Originally Posted by kwoldtimer (Post 6424654)
To my ear, that chap from Beaumont Alberta sounds almost like an Anglophone speaking fluent French.

Definitely Acadian.

Acajack Jan 27, 2014 3:03 PM

Quote:

Originally Posted by SignalHillHiker (Post 6424660)

It's too bad we didn't preserve and promote Newfoundland French. I prefer the way that guy sounds, for example, than the hostess.

Which hostess? On this video or the other?

SignalHillHiker Jan 27, 2014 3:09 PM

The first one. Hers is a bit grating.

Acajack Jan 27, 2014 3:12 PM

Quote:

Originally Posted by SignalHillHiker (Post 6424705)
The first one. Hers is a bit grating.

I knew when I heard the hostess that she wasn't from NL and deduced that this was some kind of cross-Canada series.

So I checked and the hostess is Laura Lussier and she is Franco-Manitoban. Sounds totally logical - her accent is quite typical of Franco-Manitobans who have a pretty good basis in French.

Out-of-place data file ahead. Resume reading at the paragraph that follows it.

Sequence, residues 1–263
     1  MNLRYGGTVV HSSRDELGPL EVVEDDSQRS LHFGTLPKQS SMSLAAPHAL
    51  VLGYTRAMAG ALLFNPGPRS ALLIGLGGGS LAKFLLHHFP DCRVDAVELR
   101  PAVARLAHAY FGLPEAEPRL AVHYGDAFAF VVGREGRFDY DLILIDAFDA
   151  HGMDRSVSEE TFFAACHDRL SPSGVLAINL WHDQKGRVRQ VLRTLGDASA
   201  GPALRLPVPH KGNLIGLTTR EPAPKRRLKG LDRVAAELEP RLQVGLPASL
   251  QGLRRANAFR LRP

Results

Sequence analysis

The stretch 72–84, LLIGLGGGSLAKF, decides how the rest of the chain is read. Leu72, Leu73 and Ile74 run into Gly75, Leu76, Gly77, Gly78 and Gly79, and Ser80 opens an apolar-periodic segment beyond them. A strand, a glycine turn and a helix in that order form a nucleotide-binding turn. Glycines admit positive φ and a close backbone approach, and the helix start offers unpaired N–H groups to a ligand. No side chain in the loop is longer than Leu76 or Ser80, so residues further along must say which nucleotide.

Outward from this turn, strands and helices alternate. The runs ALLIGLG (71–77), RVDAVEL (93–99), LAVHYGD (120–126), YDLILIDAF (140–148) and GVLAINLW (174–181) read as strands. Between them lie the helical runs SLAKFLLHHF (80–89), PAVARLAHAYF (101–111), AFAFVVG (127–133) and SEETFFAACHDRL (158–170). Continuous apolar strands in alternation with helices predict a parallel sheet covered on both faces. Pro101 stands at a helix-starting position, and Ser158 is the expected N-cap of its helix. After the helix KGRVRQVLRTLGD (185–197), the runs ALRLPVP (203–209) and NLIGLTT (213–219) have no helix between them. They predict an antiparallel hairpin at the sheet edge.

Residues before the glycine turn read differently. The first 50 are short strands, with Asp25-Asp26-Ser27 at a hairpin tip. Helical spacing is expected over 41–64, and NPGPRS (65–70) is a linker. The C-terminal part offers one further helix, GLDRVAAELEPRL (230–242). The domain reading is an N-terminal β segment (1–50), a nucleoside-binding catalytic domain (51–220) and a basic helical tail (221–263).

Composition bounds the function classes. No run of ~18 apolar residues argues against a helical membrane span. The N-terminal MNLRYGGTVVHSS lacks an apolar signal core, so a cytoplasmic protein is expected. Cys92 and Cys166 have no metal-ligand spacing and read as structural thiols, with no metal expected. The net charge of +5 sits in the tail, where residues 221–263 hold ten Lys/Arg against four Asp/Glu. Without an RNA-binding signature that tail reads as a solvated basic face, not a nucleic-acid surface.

Others sound more like anglos who are speaking French.

Centropolis Feb 11, 2014 1:20 AM

i'm currently watching Argo in an illinois motel, and specifically the part where the Americans are trying on their Canadian personas and a general Canadian dialect. "*charant-toe* NO TORON-O." or whatever, i'm paraphrasing.


i say "charan-toe."

kwoldtimer Feb 11, 2014 3:31 AM

Quote:

Originally Posted by Centropolis (Post 6445864)
i'm currently watching Argo in an illinois motel, and specifically the part where the Americans are trying on their Canadian personas and a general Canadian dialect. "*charant-toe* NO TORON-O." or whatever, i'm paraphrasing.


i say "charan-toe."

Why would anyone pronounce a word starting with "T" followed by a vowel as "ch"? That's not even English!